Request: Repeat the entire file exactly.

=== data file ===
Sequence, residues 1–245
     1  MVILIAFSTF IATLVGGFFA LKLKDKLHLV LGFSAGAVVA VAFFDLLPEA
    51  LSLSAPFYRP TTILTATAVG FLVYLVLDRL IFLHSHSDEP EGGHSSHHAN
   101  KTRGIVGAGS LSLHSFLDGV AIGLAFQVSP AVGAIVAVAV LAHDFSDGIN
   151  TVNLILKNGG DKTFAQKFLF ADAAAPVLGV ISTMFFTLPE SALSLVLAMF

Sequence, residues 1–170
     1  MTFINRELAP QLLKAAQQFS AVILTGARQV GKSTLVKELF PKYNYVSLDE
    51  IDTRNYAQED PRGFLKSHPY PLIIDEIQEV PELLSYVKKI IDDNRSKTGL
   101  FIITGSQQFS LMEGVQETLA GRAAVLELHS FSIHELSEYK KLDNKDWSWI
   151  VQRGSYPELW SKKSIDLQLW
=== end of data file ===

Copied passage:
Sequence, residues 1–245
     1  MVILIAFSTF IATLVGGFFA LKLKDKLHLV LGFSAGAVVA VAFFDLLPEA
    51  LSLSAPFYRP TTILTATAVG FLVYLVLDRL IFLHSHSDEP EGGHSSHHAN
   101  KTRGIVGAGS LSLHSFLDGV AIGLAFQVSP AVGAIVAVAV LAHDFSDGIN
   151  TVNLILKNGG DKTFAQKFLF ADAAAPVLGV ISTMFFTLPE SALSLVLAMF

Sequence, residues 1–170
     1  MTFINRELAP QLLKAAQQFS AVILTGARQV GKSTLVKELF PKYNYVSLDE
    51  IDTRNYAQED PRGFLKSHPY PLIIDEIQEV PELLSYVKKI IDDNRSKTGL
   101  FIITGSQQFS LMEGVQETLA GRAAVLELHS FSIHELSEYK KLDNKDWSWI
   151  VQRGSYPELW SKKSIDLQLW